The DMS can be found on the Commissions website here: https://www.gmrptcommission.org/applications.html.
Having an online application system has eliminated costly and confusing paper applications while providing more up to date and useful information for the user. “The online DMS portal gives us a way to make sure applicants have real time, on-screen access to the instructions and samples they need. Our goal is to help applicants be as successful as possible without barriers caused by the system itself,” said Joe Czapiewski, GMRPTC System Plan Coordinator. “Applicants are even encouraged to use the system’s messaging feature to more effectively stay in touch with Commission staff.”
Greater Minnesota cities and counties can access Legacy parks and trails funding through a three-step system. First, submit an application for designation as a regional park or trail in the DMS. This simple application asks you to describe how you think your park or trail meets the Commissions criteria for regional designation. Tutorials and guidelines for applications and master plans can be found in the Application Toolbox at https://www.gmrptcommission.org/application-toolbox.html. If you can’t find answers there, contact Commission staff for further assistance.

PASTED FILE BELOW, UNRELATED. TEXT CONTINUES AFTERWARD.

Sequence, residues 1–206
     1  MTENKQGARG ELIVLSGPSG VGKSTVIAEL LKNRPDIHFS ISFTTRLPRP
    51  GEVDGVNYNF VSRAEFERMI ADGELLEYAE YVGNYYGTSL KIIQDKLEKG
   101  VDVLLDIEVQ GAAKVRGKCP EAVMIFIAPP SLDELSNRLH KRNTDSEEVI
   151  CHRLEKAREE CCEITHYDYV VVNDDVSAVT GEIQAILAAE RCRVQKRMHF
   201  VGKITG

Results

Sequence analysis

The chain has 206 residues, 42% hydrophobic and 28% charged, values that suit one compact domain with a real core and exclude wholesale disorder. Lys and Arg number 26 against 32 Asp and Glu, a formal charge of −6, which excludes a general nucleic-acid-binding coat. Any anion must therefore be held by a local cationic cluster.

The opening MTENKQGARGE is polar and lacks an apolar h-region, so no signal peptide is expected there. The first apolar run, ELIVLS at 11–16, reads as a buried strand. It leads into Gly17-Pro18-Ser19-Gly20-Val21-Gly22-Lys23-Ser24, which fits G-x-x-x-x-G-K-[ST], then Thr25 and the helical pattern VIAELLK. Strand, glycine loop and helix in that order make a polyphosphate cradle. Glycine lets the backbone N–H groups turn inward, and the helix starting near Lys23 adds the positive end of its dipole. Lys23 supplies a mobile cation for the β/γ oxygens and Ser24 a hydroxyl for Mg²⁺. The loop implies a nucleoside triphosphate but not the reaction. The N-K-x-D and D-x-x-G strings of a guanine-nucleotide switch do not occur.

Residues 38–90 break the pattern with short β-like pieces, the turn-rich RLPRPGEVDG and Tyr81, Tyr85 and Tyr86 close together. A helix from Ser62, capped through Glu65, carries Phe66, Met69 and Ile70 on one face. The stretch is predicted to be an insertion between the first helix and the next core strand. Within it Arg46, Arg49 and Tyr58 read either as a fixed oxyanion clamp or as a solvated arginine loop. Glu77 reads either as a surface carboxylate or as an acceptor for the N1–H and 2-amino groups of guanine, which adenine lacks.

If the facility is found to have merit, applicants will then complete a qualified unit Master Plan. The purpose of the Master Plan is to lay out the vision and details necessary to fully score the plan against the criteria and to create a guide for the development of the park to its fullest potential. A number of new sample Master Plans have recently been uploaded to the application webpage. At the end of a thorough, multi-step evaluation, the Commission may designate the facility as a part of the regional system.
A successfully designated park or trail may then apply for funding. Funding applications are open on the portal starting approximately April 1st every year, and must be submitted by the end of July. Complete instructions, budget worksheets and a resolution template are available in the toolbox. Check out the Commission’s annual legislative report (https://www.gmrptcommission.org/2019-report.html) for more information about past funding recipients!
Questions? Please contact Commission staff or your Commissioners (https://www.gmrptcommission.org/commission-members.html) to find out more.